NAVA’s commitment and advocacy for Aboriginal and Torres Strait Islander visual arts has reflected the increasingly significant role this sector has played in the development of the visual arts in Australia. NAVA has long been committed to working collaboratively with Indigenous arts agencies and to ensuring Indigenous representation in its own executive and governance structures and in its activities and programs, and this commitment continues to the present. The baton has well and truly been handed on and wholeheartedly grasped.
Back in 1998, and during my term as a Board member, NAVA launched an initiative to produce comprehensive protocols for working with the Indigenous visual arts and craft sector. Funding was secured from ATSIC, the Aboriginal and Torres Strait Islander Commission (now defunct), the Australia Council and The Northern Territory government.
Lydia Miller did valuable preliminary work, and after NAVA found it difficult to secure the services of an appropriate consultant to undertake the full task, I agreed to take this project on – with some trepidation, given my already commitment-heavy professional life. It was a project close to my heart as an Aboriginal woman; and right up my alley as a curator and gallery director deeply involved in working with artists, especially Indigenous artists, and also collaborating and networking with art centres and Indigenous agencies in every State and Territory.
After Australia-wide consultation in the sector, in addition to the much-appreciated advice of a focus group which met in Sydney, I began the process of writing the document. I was grateful for Terri Janke’s agreement to collaborate with me and write a section on legal issues. We worked closely together, to ensure the two sections meshed well. In fact, this approach broke new ground, and the resulting publication, Valuing Art, Respecting Culture – Protocols for Working with the Indigenous Visual Arts and Craft Sector was the first document to specifically address both protocol and legal issues. An illustrated, glossy A4 size book, this comprehensive document was published in 2001 and copies were distributed free to a broad range of relevant industry organisations and government bodies.
I can’t emphasise enough, how important was the input of Aboriginal and Torres Strait Islander artists and my Indigenous curatorial peers, to the process. The invited focus group of 12 members included Indigenous artists and curators, as well as representatives from the Australia Council, ATSIC, the Federal government, the commercial sector, state and national cultural institutions, and Indigenous board members of DESART. It was a great mix of committed Indigenous and non-Indigenous stakeholders.
There were other supportive contributions, such as Arts SA funding for an Aboriginal artist to attend the meeting of the focus group. Additionally, not only were over 100 participants in the sector willing to talk to me (they’re acknowledged and named in the publication), and later to contribute their thoughts on the draft-for-comment, but also, a self-generated focus group met in Western Australia to discuss issues. This group provided significantly relevant comment.
As I approached the process of collating and laying out information, I felt it essential to honour and create a sense of the artists and their practice. So we begin, even before the index, with the words of three artists from different parts of the country – from the Torres Strait, from rural South Australia, and from remote desert Western Australia.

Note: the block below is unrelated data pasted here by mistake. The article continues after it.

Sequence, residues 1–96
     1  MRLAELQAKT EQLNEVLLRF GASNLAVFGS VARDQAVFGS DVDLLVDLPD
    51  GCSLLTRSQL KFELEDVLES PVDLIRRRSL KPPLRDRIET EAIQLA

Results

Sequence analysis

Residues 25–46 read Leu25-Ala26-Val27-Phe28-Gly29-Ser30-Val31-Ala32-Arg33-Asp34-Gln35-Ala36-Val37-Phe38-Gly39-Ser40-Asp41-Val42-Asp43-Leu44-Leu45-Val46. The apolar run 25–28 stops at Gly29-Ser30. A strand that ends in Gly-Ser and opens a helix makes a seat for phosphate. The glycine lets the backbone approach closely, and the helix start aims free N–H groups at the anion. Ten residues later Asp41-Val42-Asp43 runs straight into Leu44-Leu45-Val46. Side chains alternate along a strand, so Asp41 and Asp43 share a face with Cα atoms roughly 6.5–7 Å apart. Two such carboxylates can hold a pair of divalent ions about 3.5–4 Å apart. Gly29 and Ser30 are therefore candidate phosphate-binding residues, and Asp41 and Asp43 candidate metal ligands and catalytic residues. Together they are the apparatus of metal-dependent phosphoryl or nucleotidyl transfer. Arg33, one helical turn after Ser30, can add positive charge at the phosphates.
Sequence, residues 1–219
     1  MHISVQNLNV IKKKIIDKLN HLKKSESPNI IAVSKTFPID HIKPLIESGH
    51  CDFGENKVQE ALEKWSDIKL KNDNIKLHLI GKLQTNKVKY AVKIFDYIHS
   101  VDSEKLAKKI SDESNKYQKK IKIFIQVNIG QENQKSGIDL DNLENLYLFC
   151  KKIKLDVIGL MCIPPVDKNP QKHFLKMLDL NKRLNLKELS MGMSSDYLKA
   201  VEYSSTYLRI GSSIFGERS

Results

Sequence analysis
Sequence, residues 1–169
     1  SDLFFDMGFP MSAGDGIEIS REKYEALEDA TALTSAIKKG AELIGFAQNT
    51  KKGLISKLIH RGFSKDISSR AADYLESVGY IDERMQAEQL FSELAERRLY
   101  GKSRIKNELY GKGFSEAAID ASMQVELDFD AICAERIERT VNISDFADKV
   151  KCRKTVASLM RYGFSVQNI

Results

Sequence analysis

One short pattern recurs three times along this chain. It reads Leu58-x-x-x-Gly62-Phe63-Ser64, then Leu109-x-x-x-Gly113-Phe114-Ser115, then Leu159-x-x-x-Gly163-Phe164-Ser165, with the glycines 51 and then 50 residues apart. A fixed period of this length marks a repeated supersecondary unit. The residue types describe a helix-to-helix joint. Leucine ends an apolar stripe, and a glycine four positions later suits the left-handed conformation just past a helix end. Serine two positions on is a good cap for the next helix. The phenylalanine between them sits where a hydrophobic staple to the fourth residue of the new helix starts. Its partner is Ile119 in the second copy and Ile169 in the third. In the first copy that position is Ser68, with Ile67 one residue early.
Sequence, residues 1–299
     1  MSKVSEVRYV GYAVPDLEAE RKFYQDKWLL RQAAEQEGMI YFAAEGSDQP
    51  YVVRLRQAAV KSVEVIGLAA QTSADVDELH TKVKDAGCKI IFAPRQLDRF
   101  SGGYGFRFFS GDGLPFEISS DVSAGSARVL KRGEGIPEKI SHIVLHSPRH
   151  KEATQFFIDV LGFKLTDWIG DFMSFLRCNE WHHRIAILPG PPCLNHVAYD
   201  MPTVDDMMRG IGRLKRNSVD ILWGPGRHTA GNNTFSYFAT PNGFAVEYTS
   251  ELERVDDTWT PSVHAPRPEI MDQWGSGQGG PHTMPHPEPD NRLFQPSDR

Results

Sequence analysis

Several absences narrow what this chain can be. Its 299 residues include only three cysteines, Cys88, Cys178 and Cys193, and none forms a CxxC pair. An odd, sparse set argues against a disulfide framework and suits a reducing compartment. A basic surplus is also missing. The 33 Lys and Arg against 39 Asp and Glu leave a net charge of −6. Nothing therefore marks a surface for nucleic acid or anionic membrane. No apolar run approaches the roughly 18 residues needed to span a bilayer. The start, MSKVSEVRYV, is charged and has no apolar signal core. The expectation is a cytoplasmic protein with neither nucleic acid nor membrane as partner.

The work of artists is reproduced all the way through the publication, and there are interviews with three artists along with several case studies. Of necessity, the protocol case studies are brief and general. Unlike legal issues, protocols are changeable and imprecise. They deal with the nuances of values and human behaviour, so there’s great sensitivity around them and we were careful of the people involved.
I’m sure you’ve noticed that laws are rather literal, and that there are gaps between the rules that legalities don’t normally cover. Regulations work best when complemented by common sense, common knowledge, personal responsibility, broad understanding, intuition and trust (to name a few).
Writing these broad behavioural attributes into a document that also needed to draw down a more specific framework for appropriate, respectful and friendly engagement was part of the task. It also meant relating the framework closely and specifically to the Indigenous visual arts environment in Australia, the political environment; and also to the understanding of the concept of Indigenous peoples’ right to control and protect their cultural and intellectual property as expressed in the United Nations Declaration on the Rights of Indigenous Peoples.
So much to cover. However, with the ever generous and enthusiastic support of then Executive Director, Tamara Winikoff and her team, the valued collaboration of my colleague and legal practitioner Terri Janke, and the contributions of many others already mentioned, the work was done. It still stands, a testimony to the willing input and assistance from so many people across all areas of the Indigenous visual arts and craft sector in Australia.
Valuing Art, Respecting Culture – Protocols for Working with the Indigenous Visual Arts and Craft Sector, 2001 was written by Doreen Mellor and Terri Janke, commissioned by NAVA, and funded by the Aboriginal and Torres Strait Islander Commission (ATSIC); the Commonwealth Government through the Australia Council’s Aboriginal and Torres Strait Islander Arts Board; and the Northern Territory Government’s Department of Arts and Museums.
Terri Janke and Company’s Visual Arts: Protocols for producing Indigenous Australian visual arts 1st edition was published by the Australia Council in 2002 and 2nd edition in 2006 with the input and guidance of Doreen Mellor, and assistance by Tamara Winikoff and more.